A Spanish judge has charged a Moroccan man suspected of planning the Madrid bombings with 191 counts of murder.
Hasan al-Haski is believed to have planned the Madrid train bombings
Hasan al-Haski, 41, was also accused of 1,000 counts of attempted murder and membership of an armed group.
Judge Juan del Olmo said he was a suspected member of the Moroccan Islamic Combat Group - also blamed for the May 2003 Casablanca bombings.
Three more men were arrested with Mr Haski in the Canary Islands last week, one of whom remains in custody.
Mr Haski, who denies the charges against him, was remanded without bail after the hearing at Spain's National Court.
The four arrested, all Moroccan citizens, are all believed to be members of the MICG, which is alleged to have links with al-Qaeda.
The men were allegedly setting up a logistical base on Spain's Canary Islands, off the coast of northern Africa.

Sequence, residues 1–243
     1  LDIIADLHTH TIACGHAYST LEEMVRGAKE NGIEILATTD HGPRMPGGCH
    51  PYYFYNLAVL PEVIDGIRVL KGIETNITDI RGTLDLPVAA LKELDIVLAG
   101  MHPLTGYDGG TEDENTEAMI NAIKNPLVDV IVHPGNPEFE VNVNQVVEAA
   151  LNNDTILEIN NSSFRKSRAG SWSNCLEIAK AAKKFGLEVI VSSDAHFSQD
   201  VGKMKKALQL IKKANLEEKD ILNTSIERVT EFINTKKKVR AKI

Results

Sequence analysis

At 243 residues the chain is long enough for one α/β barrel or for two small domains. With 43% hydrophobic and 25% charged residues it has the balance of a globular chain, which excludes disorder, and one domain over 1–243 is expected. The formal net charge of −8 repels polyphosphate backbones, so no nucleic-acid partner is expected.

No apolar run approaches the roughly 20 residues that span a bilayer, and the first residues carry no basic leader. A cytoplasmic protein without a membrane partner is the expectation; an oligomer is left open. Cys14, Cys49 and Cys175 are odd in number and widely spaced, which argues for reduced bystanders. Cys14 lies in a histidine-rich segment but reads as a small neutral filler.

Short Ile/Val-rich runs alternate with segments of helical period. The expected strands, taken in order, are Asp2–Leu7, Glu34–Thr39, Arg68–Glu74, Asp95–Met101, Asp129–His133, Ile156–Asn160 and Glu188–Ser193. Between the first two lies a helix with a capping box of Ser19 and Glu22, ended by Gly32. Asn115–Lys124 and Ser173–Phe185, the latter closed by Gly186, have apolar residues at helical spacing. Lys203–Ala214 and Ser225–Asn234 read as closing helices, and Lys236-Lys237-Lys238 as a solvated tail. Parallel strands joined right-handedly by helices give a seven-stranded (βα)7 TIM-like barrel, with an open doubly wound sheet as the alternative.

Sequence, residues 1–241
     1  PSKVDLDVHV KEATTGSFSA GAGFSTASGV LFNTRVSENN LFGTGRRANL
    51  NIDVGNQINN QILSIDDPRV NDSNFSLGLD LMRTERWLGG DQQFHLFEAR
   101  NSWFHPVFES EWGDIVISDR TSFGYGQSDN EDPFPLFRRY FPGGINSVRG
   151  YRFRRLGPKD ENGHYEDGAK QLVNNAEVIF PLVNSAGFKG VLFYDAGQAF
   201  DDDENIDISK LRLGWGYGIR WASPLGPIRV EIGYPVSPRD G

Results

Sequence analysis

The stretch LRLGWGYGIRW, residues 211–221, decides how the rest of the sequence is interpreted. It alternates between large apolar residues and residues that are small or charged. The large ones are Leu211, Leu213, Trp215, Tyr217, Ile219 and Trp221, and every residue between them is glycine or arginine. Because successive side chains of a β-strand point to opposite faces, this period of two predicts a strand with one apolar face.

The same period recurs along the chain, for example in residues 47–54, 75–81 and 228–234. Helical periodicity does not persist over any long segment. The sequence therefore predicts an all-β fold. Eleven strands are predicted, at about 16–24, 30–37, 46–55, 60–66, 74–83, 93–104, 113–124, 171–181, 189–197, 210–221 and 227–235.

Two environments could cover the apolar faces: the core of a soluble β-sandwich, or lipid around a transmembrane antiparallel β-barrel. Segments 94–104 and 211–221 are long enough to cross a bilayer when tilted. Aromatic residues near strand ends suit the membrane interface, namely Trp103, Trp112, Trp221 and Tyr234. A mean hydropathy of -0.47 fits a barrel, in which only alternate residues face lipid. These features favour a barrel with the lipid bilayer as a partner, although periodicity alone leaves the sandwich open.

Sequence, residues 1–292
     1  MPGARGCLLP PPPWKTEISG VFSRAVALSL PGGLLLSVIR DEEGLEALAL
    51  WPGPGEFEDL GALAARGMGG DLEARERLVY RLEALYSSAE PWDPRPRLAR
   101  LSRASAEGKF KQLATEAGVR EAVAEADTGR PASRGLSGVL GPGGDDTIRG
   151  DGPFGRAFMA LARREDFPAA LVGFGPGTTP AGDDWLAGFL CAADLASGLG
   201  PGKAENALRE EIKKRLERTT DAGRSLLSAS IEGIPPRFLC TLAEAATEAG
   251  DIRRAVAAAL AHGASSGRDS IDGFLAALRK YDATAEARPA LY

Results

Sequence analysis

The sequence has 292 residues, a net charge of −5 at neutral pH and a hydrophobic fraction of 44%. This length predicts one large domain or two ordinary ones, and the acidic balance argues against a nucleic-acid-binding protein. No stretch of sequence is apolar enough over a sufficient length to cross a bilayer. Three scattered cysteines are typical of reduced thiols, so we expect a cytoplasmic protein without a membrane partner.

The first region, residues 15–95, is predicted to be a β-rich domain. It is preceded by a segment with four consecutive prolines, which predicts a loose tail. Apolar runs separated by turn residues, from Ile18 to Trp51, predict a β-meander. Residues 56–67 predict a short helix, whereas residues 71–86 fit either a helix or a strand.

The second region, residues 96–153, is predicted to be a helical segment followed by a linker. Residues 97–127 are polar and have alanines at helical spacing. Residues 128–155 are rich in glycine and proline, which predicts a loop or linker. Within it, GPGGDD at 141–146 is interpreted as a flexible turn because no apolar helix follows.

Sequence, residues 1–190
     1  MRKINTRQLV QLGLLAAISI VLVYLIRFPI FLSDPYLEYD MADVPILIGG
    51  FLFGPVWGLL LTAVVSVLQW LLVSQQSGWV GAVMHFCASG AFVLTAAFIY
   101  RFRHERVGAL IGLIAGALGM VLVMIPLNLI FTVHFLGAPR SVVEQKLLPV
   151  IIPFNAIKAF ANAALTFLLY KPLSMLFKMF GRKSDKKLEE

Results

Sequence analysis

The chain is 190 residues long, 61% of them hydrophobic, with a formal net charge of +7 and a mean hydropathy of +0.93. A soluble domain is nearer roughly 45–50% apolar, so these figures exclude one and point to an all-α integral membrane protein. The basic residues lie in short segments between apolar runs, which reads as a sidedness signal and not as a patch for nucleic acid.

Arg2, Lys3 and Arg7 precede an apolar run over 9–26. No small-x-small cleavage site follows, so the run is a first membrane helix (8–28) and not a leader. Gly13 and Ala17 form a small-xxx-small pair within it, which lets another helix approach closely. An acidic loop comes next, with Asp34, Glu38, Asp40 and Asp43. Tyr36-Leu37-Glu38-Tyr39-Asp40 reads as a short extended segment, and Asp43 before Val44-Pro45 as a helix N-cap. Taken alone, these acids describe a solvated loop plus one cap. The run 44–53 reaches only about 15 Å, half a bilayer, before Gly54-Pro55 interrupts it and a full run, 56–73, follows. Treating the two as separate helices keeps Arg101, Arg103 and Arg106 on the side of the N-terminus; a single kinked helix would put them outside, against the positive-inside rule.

Judge del Olmo's 29-page warrant said that another member of the same group recently arrested in France had quoted Mr Haski as saying that "his group
in Spain had carried out" the 11 March attacks in Madrid.
Reports say investigators also believe Mr Haski is the leader of a militant Islamic group which carried out the Casablanca bombings in 2003.
He has faced further questioning by Spain's top anti-terror judge, Baltasar Garzon, as part of a separate inquiry into the Casablanca attack.
Seventeen more suspects have been imprisoned on provisional charges in connection with the investigation into the Madrid bombing.
The Spanish Prime Minister, Jose Luis Rodriguez Zapatero, on Tuesday announced that a special security plan will be enforced in Spain over Christmas against possible terror attacks over Christmas.
The Casablanca attacks in May 2003 killed 45 people, including 12 suicide bombers.